Could stress be shaken off? Not with a magic wand, but with your entire body, in any direction that feels like moving. Whenever I introduce shaking in my yoga classes (sometimes after a vigorous sequence when I sense folks need a break), people will visibly release their grown-up armor and cut loose with goofy movement. (Been on the screen too long? Try it yourself, now, if you’re in a relatively private setting: Start with a discrete body part – a hand, a leg — and then gradually include your entire body. Gently bounce up and down or shake sidewise, as you like, at your own speed. Put on music if you want the shake to include some rattle and rolls. After a few minutes, be still with your eyes closed and notice what your body feels like after shaking. Can you feel your heartbeat? Has there been any shifts in your energy? your mood? the quality or velocity of your thoughts?)
Shaking can help the body discharge stress hormones, muscular tension, and the constricted breathing that is part of our body’s instinctive and natural response to stress, so that we’ll be prepared to get ourselves out of danger or fight like hell. Animals – from rabbits to dogs to polar bears – shake themselves off after anything from rough play to a traumatic encounter. Humans have unfortunately “evolved” to let our hyperactive minds call the shots. Say something crappy happens to us – a power struggle with a colleague, a fight with a spouse, a not-so-hot diagnosis. The stress response launches in our bodies, and embeds itself in our nervous system and in our fascia — and thanks to our minds, we’re left processing (or over-processing, as the case might be), creating new stories about ourselves and others. The story might be worked and reworked, but we may not feel quite right unless we discharge the tension.
The idea of shaking to release stress and trauma is not new. Peter Levine, a therapist who created Somatic Experiencing, wrote about shaking as way the body releases traumatic shock in his seminal work on healing trauma “Walking the Tiger” published 20 years ago. And Dr. James Gordon, founder of the Center for Mind-Body Medicine, teaches “shaking and dancing” as part of his training to health professionals and communities affected by trauma around the world.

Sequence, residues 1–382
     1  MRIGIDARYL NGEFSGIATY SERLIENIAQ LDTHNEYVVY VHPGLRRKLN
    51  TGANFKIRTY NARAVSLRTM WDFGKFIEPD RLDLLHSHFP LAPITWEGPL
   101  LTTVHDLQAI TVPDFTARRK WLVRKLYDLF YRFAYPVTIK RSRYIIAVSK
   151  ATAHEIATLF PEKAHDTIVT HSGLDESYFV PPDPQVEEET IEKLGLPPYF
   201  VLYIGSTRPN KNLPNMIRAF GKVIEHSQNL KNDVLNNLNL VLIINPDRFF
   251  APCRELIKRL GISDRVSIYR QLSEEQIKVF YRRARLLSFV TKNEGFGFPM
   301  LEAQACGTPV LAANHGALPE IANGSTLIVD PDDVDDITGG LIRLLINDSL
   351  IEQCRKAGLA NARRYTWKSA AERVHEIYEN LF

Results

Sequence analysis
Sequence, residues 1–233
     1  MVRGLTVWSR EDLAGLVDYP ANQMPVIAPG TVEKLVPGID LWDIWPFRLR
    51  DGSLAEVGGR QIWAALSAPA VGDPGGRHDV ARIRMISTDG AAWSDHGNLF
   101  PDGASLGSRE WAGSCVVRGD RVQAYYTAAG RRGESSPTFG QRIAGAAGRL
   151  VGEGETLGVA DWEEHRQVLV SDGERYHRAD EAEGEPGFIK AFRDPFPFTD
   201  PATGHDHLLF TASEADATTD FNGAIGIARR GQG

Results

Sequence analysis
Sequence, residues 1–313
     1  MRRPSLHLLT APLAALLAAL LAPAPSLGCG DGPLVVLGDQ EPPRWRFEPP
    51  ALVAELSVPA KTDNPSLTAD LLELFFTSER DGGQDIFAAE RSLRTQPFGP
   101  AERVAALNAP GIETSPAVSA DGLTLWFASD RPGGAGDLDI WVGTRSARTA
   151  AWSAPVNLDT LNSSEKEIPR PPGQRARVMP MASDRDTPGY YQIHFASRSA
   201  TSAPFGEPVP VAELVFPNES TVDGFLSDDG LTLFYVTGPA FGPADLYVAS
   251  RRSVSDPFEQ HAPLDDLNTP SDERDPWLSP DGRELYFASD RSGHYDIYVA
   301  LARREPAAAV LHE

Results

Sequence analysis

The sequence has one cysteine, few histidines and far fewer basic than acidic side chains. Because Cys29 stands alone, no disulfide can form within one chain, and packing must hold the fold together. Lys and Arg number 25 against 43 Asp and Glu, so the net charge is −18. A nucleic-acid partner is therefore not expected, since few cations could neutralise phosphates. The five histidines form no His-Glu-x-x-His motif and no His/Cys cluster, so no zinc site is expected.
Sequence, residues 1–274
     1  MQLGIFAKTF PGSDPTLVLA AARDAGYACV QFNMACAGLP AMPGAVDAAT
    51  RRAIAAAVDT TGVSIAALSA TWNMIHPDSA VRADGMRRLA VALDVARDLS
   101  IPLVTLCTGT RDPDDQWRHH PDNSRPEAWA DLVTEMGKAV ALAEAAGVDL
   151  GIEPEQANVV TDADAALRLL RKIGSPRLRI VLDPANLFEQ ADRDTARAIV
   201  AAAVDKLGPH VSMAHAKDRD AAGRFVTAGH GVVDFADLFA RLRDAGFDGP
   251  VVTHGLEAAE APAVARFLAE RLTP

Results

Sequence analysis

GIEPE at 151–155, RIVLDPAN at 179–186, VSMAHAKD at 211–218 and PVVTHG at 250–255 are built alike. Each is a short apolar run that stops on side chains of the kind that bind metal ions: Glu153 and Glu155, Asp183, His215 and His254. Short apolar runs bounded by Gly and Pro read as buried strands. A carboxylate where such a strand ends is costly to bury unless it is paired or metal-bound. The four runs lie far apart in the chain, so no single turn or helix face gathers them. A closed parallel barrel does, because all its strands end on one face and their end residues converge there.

Lately, I’ve been intrigued to learn how to take that “feel-good-after-making-my-butt-feel-like-jelly feeling further. Could more structured forms of shaking discharge long-ago trauma that I’ve processed the hell out of – in therapy, in conversation with close friends, in my years of writing practice, in my work with meditation and shamanism and energy modalities – but remains somehow “stuck” in my neurophysiology?
A few weeks ago, I went to Yogaville in central Virginia to experience Tension & Trauma Release Exercises (TRE), which activate a natural reflex mechanism of shaking that releases muscular tension and calms down the nervous system. The system was developed by Dr. David Burcelli, a trauma specialist who came upon the idea after being in several bombings in Beirut, and connecting it with previous work done by Levine and others.
The technique itself is super simple. You either do a series of exercises and lie on the floor, or do yoga and then lie on the floor, and then do an exercise that begins to make your legs wobbly. Once the trembling in the legs has begun, you can adjust your position so that you’re comfortable, and your legs will continue to shake until you extend them. The suggestion is to just do a bit at a home, gently allowing tension to release. (This start-low-and-go-slow approach is what Levine calls “titration,” borrowing a term from chemistry, which is recommended so as to not overwhelm the system.) I’ve been practicing a few times a week at home, usually for 15-20 minutes after I finish yoga. It’s been interesting to note how I’ve been responding to what otherwise would normally cause some anxiety – a minor fender bender, a client who sends me a 200-page document I need to review by day’s end, the everyday stresses of too-much-to-do-not-enough-time.
I’m still not sure if my leg trembling is releasing old stress, but I have noticed a slight-improved version of me: a bit calmer, a bit more collected in chaotic moments such as when a bus ran a red light and leaned on his horn so I could jump backwards out of his way. I’ve been fascinated enough to sign up for another training in TRE and will let you know how that goes in future newsletters. In the meantime, I’m putting on my dancing shoes — hope to shake things off with you soon!